But here's what I think Mitt Romney's biggest problem is going forward. I think he is still in the better position for the long haul. This still looks like a long primary season ahead. He's in a good position in every state. He has organization, but Rick Santorum is going, obviously, challenging him among social conservatives.
Mitt Romney is going to be very tempted to move even further to the right to try to win the affection of more of those social conservatives and that will show him, I think, to be more inconsistent in his political philosophy because remember he was a moderate in Massachusetts. He was a pro-choice politician just a few years ago.
So the challenge for Mitt Romney is how to fend off Rick Santorum without picking up extremely conservative positions, which make him seem inauthentic and which will not stand him in good stead in a general election.
MARTIN: (Unintelligible) Matthew, in just the minute and a half we have left, I just want to get your take on the rest of the field that did not do well at all. I mean, you talked about Ron Paul already. So he came in third and, depending on your point of view, particularly since he took the last weekend of campaigning off and went home and chilled out, you could make an argument that he did OK.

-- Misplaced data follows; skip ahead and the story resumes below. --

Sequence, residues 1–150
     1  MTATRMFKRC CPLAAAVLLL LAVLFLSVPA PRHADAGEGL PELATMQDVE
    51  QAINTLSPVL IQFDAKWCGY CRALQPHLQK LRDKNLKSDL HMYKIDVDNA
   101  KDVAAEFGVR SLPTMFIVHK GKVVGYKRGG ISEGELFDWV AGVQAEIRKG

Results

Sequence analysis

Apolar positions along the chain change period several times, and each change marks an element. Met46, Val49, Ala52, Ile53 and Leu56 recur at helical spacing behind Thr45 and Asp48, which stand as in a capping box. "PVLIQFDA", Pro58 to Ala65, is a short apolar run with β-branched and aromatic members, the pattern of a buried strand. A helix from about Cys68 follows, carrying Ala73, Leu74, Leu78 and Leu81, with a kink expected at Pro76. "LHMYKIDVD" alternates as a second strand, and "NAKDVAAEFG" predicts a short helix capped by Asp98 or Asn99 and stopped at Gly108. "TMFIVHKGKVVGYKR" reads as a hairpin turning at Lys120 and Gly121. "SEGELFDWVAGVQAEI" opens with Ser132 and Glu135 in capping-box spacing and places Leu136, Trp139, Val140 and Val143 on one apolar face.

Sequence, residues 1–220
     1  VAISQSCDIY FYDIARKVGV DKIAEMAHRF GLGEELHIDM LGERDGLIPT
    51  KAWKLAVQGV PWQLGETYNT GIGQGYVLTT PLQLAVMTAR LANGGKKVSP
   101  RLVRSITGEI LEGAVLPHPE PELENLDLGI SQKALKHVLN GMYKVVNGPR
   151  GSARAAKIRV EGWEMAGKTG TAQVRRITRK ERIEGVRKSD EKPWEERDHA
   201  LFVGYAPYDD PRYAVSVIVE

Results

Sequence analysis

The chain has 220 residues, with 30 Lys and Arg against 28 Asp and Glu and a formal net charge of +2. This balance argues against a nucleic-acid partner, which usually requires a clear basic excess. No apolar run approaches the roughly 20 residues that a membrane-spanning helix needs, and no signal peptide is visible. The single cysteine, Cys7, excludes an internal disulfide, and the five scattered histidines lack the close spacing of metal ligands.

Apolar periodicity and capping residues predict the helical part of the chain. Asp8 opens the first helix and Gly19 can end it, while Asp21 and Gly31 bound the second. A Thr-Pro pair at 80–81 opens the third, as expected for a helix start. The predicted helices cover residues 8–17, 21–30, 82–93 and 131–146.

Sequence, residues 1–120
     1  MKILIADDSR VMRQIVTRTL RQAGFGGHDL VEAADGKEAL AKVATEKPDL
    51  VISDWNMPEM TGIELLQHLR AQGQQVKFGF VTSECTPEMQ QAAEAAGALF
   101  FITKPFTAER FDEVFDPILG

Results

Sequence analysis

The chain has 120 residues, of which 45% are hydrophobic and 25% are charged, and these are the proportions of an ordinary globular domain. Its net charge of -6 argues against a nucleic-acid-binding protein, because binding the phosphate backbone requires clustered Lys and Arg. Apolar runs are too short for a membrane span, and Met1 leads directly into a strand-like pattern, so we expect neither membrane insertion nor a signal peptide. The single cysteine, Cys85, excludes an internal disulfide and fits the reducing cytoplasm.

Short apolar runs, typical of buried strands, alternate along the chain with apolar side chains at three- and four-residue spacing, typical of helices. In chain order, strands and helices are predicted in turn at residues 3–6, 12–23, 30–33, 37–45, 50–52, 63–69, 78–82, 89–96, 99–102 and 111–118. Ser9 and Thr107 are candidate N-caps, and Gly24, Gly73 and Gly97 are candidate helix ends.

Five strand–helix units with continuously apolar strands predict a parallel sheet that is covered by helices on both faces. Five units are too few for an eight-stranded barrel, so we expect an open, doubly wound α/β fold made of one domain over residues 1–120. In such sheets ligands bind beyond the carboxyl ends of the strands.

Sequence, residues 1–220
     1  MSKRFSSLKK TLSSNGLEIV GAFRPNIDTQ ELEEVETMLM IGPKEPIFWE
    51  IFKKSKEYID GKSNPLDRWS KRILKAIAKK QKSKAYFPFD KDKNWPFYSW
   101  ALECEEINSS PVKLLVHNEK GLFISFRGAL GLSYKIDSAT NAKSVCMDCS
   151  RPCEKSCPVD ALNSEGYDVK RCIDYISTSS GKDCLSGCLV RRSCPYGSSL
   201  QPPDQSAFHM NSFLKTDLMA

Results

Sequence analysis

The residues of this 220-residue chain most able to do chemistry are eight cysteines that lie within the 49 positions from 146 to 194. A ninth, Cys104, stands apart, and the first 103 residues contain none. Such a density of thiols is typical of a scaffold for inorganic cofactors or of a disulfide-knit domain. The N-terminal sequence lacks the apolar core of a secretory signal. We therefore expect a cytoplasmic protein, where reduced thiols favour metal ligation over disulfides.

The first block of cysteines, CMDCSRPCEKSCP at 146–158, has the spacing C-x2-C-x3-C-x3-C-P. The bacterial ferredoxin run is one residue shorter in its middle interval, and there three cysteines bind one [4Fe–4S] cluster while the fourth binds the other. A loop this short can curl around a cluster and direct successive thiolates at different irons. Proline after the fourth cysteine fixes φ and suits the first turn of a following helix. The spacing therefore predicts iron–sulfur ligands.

Then there was still Newt Gingrich to think about. There's still Texas Governor Perry. There was Michele Bachmann, the congressman from Minnesota. What's your take? Does any of this group survive to the next round or is it enough of them? Bye-bye.
CONTINETTI: Well, I believe Gingrich definitely survives for as long as he can because he has now a mission in life and that is to damage Mitt Romney and you can almost see the waves of anger coming off Newt Gingrich whenever he talks about Mitt Romney because he feels like he was somehow wronged by the negative attack ads in Iowa.